River polluters could face near-zero PCB limits; plus, the fire department plans a hiring spree

click to enlarge Political swings affect efforts to clean the Spokane River. - YOUNG KWAK PHOTO

Young Kwak photo

Political swings affect efforts to clean the Spokane River.

The seesaw of water quality standards for Washington state has tilted back toward more protective pollutant limits from the Environmental Protection Agency.

Several years ago, Washington’s self-proposed limits were found inadequate to protect groups whose diets rely heavily on fish that bioaccumulate toxins. Because of that, the EPA put stricter standards in place for dozens of pollutants in 2016.

Under the Trump administration, the EPA said Washington could return to the less protective standards it had proposed.

By that point, however, even Washington agencies didn’t want to use the less protective standards. The state and environmental groups sued the EPA to maintain stricter limits on pollutants such as the PCBs (polychlorinated biphenyls) that plague the Spokane River and other water bodies throughout the state. Now it appears the EPA will again support the more protective, science-based standards it put forward in 2016, with public hearings scheduled for May.

The move could impact state permits that Washington is in the middle of issuing for five wastewater dischargers on the Spokane River. The dischargers each asked for “variances” to exceed even the less restrictive limits as they work to reduce the pollution they put into the river.

Their permits include a limit of 170 parts per quadrillion for PCBs at “end of pipe,” but could be reopened to match the stricter standard once EPA finalizes its process, says Stephanie May, a spokeswoman for the state Department of Ecology.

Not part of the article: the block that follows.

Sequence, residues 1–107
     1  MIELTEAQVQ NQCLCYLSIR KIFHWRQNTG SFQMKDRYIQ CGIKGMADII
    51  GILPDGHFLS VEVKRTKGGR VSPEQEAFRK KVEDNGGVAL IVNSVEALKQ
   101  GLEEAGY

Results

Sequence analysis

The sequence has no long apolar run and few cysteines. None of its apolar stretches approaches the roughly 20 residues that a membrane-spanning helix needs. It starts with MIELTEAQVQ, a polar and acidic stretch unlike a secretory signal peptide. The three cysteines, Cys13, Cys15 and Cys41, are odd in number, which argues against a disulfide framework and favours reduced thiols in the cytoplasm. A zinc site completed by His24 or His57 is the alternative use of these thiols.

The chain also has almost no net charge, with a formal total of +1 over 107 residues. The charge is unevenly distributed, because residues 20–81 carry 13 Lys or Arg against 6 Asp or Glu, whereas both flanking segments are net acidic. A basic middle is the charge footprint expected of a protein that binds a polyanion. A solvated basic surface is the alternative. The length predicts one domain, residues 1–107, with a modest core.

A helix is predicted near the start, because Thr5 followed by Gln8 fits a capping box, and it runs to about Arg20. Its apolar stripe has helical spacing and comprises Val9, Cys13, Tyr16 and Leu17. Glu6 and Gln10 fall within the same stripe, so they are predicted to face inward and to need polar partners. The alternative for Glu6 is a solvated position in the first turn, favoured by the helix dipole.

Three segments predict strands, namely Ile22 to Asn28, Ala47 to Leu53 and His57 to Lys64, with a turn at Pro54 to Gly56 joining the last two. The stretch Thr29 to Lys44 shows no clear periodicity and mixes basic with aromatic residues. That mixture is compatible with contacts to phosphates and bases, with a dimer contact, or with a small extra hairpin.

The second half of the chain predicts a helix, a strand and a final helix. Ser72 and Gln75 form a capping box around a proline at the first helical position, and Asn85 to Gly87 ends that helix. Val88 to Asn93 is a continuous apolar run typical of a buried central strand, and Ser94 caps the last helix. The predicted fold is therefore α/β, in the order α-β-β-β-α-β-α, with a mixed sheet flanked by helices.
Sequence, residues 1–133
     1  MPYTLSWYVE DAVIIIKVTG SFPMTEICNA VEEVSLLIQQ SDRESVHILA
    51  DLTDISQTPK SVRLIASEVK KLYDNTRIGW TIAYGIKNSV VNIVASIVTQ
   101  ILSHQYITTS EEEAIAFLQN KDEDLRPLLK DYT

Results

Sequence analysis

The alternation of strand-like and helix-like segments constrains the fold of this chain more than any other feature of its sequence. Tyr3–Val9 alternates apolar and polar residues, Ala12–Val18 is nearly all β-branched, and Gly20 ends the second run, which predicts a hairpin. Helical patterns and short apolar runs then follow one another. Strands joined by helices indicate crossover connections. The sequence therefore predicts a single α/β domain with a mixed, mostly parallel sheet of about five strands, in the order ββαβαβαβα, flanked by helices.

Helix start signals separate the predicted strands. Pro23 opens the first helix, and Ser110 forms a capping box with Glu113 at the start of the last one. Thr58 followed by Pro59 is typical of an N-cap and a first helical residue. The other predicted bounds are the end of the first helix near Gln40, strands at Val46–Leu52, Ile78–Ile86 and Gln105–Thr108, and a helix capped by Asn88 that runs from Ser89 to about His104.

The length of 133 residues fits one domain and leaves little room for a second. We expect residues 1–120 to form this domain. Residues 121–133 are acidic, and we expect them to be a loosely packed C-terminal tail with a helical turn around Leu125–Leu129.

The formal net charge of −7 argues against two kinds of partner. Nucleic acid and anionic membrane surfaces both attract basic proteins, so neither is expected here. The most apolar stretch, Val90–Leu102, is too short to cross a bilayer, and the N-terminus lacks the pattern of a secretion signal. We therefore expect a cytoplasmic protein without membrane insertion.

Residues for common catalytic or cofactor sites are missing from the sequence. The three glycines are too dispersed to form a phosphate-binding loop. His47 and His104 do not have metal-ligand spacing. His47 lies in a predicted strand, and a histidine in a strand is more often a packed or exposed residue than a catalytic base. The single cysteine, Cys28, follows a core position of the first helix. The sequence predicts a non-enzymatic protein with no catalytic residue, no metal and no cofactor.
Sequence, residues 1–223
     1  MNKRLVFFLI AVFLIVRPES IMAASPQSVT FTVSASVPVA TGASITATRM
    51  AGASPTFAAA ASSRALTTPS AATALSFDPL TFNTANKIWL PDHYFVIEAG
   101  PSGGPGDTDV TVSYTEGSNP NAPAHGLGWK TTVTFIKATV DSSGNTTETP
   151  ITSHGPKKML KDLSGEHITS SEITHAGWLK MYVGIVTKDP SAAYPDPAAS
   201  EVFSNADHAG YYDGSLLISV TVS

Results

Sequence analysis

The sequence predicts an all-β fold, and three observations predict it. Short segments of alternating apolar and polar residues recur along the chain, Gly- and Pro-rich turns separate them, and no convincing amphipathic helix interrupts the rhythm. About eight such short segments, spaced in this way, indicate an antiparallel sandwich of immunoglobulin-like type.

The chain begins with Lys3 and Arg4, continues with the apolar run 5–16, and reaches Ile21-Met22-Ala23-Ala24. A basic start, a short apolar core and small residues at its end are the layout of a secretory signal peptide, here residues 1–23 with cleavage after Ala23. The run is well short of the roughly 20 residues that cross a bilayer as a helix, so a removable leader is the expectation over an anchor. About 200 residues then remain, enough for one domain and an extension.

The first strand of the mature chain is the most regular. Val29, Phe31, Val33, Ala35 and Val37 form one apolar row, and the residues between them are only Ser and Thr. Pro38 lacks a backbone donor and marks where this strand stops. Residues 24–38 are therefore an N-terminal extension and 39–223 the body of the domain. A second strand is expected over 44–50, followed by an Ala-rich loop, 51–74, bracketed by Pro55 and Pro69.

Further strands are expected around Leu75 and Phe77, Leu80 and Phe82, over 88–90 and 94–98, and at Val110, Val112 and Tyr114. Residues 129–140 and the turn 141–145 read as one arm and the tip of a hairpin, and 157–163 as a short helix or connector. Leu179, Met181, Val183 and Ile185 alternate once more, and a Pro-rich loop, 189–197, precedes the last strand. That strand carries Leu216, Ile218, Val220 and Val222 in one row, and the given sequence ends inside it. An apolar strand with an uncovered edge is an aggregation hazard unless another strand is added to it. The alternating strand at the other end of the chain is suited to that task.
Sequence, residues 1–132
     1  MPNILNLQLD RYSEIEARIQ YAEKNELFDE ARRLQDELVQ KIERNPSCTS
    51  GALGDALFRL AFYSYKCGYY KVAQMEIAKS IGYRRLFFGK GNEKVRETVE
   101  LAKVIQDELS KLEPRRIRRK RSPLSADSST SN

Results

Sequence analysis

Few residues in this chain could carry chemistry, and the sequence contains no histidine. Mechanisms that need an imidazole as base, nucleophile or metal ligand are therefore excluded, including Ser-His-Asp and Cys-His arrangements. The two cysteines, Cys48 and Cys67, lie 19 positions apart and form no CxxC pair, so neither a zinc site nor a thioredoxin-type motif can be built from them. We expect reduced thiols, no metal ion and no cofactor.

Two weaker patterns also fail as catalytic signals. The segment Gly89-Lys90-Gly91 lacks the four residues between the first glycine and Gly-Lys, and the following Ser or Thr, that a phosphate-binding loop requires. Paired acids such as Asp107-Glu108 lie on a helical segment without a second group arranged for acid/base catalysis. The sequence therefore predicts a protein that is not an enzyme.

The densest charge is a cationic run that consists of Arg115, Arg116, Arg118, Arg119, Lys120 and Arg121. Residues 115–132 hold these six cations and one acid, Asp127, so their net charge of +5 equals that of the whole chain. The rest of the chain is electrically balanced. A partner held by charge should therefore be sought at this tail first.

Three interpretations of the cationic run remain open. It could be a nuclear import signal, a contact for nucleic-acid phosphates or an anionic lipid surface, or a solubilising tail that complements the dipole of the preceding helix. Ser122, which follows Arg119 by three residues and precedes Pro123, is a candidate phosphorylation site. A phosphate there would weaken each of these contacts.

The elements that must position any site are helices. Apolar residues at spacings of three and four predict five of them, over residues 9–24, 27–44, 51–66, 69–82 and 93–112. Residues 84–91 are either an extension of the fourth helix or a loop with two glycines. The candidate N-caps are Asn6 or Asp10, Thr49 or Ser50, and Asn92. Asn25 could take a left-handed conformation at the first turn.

The stricter standard of 7 parts per quadrillion for PCBs is a near-zero limit that advocates say is necessary to drive innovation in water cleanup and protect the health of the river, fish and people.

Spokane Riverkeeper Jerry White says the regulatory teeter-totter is a sign of the “politicization” of what should be science-based standards.

“If you set a low bar, we’ve watched this over and over, it’s really easy for nothing to happen,” White says. “I feel like this tight new water quality standard will continue to tension the system so we can prevent this foot dragging.” (SAMANTHA WOHLFEIL)


For years, the Spokane City Council has been aggravated about the fire department’s overtime spending. Last year, the fire department paid roughly $9 million in overtime, as COVID-19 and a brutal wildfire season magnified the already thorny issue.

Last year, 20 firefighters each logged over 1,000 hours of overtime — effectively working a half-time job on top of their full-time job.

An independent overtime study, paid for by the city budget two years ago, is scheduled to be completed this fall. But the Spokane Fire Department already knows one of the biggest problems: They don’t have enough firefighters on staff.

“Currently as we sit today, we have 38 vacant firefighter positions,” Fire Chief Brian Schaeffer said at Monday’s Public Safety and Community Health Committee Meeting. The vaccine mandate had exacerbated the staffing shortage, and if voters don’t vote to maintain the fire levy in the April 26 special election — worth $13 million over the next six years — that problem could get even worse. The levy funds approximately 80 positions.

But Schaeffer told the committee the department is aiming to recruit up to 40 new firefighters by early 2023. That could either mean running two 20-person academies or one supersized fire academy. Schaeffer says that they already have 129 candidates who have applied, but cautions that there’s no guarantee that will be enough to get to 40 recruits.

“We are not going to drop our standards or settle,” Schaeffer says.

Spokane Fire Union President Randy Marler says if they get enough qualified recruits, they can re-establish a relief pool, a way to reduce overtime across the department by assigning some employees to cover openings created by sick leave and vacations. Ideally, it pays for itself.

“As long as we can get the 40, we can put at least a few people on relief on each shift,” Marler says. (DANIEL WALTERS) ♦

Article Source: Inlander